None of this will change so long as we have:

    1. Promiscuous incorporation, with corporations as “legal persons”, and those corporations being allowed to enshrine sociopathy (maximizing shareholder profit) as their founding principle.

    2. A winner-take-all electoral system based on private contributions.

  8. I thought Citi/BofA/Merrill/Countrywide/Morgan/Chase/Bear/WaMu/Wells/Wachovia was one bank.

  9. No problem. Californians in mass should move their accounts to the banks that do take the warrants. Businesses that depend on Californians should move their accounts to banks that take the warrants. Businesses that do business with California Businesses that depend on Californians… You get the idea.

    Of course, if the California IOU’s end up being worthless will the federal government be forced to bail out the banks that took the IOU’s? A bit of a Dicy Question.

  10. Would you want to loan money at 3.75% APR to a BBB entity with a decent likelihood of fraud at the point of document exchange?

    If the banks had shown this level of prudence in rejecting mortgages from individual Californians, perhaps we might have avoided this disaster in the first place.

    http://tauntermedia.com/2009/07/07/iou/

  11. I don’t find it ironic at all that the same state formerly governed by Ronald Reagan is issuing IOUs now. Reagan’s great contribution to economics was—

    DON’T TAX AND WASTE!!! BORROW AND WASTE!!!, while publicity whores like Milton Friedman and William Buckley cheered him from the sidelines.
    Maybe this verse from the Bible is appropriate for the banks.

    Matthew 6:12
    And forgive us our debts,
    As we forgive our debtors.

  12. let’s say they do take them. a bank regulator shows up the next day and asks about their cash reserves. “we don’t have sufficient cash reserves,” the bank says. “we have these cali IOUs though.”

  13. Coffee Boy

    What is a muni but another borrower? Can I issue IOUs to my bank for my mortgage? Until governments learn that there is a limit to deficit spending…there will never be an end to government debt and every currency will fail. It should be a constitutional law that governments cannot run deficits…fault the private sector all you want, but in the end, over-leveraged companies go bankrupt, and hence face the consequences of too much debt. There’s no similar consequence for governments…hence there’s no discipline. Fine…its ironic that these wards of the US government are holding a state government for ransom. But I’m more pissed off at my government (I’m a californian), than any of these banks.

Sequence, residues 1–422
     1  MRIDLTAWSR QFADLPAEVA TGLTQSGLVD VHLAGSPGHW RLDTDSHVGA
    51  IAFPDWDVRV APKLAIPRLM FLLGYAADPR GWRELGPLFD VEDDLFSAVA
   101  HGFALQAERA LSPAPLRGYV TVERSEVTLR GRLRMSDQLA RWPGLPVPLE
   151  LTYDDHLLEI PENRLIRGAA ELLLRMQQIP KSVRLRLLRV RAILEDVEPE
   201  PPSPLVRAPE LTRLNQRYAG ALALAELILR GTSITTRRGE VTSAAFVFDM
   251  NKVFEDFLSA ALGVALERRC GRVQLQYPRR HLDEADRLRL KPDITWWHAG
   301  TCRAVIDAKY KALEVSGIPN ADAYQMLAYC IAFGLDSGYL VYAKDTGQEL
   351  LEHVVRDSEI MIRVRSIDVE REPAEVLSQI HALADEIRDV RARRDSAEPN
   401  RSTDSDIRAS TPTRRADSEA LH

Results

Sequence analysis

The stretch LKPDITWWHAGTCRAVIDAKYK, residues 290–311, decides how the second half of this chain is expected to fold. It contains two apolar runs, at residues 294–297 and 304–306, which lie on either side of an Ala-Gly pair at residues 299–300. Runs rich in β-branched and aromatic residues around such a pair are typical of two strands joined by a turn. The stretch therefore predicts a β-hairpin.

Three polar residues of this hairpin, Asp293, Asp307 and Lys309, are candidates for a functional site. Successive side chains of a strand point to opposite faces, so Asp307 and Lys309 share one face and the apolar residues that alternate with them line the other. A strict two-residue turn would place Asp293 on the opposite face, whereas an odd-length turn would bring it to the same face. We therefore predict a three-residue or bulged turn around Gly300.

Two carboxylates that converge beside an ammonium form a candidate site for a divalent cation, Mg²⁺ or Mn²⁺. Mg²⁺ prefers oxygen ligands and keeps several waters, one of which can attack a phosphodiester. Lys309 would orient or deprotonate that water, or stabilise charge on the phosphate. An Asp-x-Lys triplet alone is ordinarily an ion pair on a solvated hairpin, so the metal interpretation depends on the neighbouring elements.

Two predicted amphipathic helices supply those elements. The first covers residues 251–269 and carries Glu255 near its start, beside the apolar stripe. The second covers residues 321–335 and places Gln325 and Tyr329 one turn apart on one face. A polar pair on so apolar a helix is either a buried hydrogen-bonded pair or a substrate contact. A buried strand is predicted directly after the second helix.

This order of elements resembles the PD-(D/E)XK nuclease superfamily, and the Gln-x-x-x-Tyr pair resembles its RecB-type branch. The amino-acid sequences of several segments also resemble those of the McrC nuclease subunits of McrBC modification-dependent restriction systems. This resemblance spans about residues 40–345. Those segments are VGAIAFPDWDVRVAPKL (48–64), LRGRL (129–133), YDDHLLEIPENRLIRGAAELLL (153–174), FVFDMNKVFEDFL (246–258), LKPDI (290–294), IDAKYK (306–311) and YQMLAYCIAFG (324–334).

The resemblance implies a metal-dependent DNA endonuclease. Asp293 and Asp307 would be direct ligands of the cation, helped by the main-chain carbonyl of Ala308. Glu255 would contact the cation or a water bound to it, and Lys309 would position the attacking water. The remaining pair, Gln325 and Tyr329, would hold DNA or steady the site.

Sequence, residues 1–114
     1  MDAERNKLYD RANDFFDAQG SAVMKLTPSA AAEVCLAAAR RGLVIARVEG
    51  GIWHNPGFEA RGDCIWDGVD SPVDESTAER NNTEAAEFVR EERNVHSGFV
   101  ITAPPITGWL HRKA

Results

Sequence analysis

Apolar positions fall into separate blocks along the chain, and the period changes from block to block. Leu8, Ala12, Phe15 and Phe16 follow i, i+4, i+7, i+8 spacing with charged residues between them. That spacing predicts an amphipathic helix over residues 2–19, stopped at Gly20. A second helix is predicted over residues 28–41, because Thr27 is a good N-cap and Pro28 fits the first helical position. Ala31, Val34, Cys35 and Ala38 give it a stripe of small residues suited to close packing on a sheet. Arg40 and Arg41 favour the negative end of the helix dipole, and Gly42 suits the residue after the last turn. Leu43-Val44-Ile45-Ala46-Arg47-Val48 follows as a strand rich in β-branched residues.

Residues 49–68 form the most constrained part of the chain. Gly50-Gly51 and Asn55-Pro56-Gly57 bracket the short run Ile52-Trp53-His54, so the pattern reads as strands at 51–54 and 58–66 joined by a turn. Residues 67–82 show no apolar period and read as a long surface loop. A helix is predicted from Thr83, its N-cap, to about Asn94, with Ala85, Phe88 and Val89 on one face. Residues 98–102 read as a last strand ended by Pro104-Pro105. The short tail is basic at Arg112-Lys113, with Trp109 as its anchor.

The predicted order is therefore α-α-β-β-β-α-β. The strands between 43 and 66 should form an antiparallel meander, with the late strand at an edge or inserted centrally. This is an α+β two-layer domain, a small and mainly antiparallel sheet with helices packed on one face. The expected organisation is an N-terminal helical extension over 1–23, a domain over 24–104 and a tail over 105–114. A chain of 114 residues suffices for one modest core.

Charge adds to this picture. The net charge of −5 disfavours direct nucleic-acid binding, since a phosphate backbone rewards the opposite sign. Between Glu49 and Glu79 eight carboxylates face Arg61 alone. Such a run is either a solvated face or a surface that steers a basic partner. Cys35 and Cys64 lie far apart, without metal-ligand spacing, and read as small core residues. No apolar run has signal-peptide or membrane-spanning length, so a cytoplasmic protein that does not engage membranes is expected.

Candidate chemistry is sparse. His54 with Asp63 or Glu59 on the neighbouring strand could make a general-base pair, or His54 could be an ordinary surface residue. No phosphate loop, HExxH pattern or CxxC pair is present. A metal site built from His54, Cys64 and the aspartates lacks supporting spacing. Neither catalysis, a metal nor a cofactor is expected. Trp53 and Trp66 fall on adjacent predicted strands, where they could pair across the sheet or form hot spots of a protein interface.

14. I’m not a big fan of WSJ’s Editorial section. 95% crap. But I thought this was a very good column, and if things got EXTREMELY bad in California—THIS no doubt would be the best plan to go with. It should be required reading for Awnold “de Terminator” Schwarzenegger.
    http://online.wsj.com/article/SB124701298016709067.html

  15. Lavrenti Beria

    “A winner-take-all electoral system based on private contributions.”

    I will submit to you that the corruption of the self-serving filth that run our political system is so utter that this outcome will never be achieved through parliamentary means. Would you expect the House of Representatives to pass a pro-Iranian resolution any time soon?

  16. Easy solution — take California’s IOUs and wrap them in a security. Now they’re PPIP-eligible, and the Fed takes the risk. Problem solved.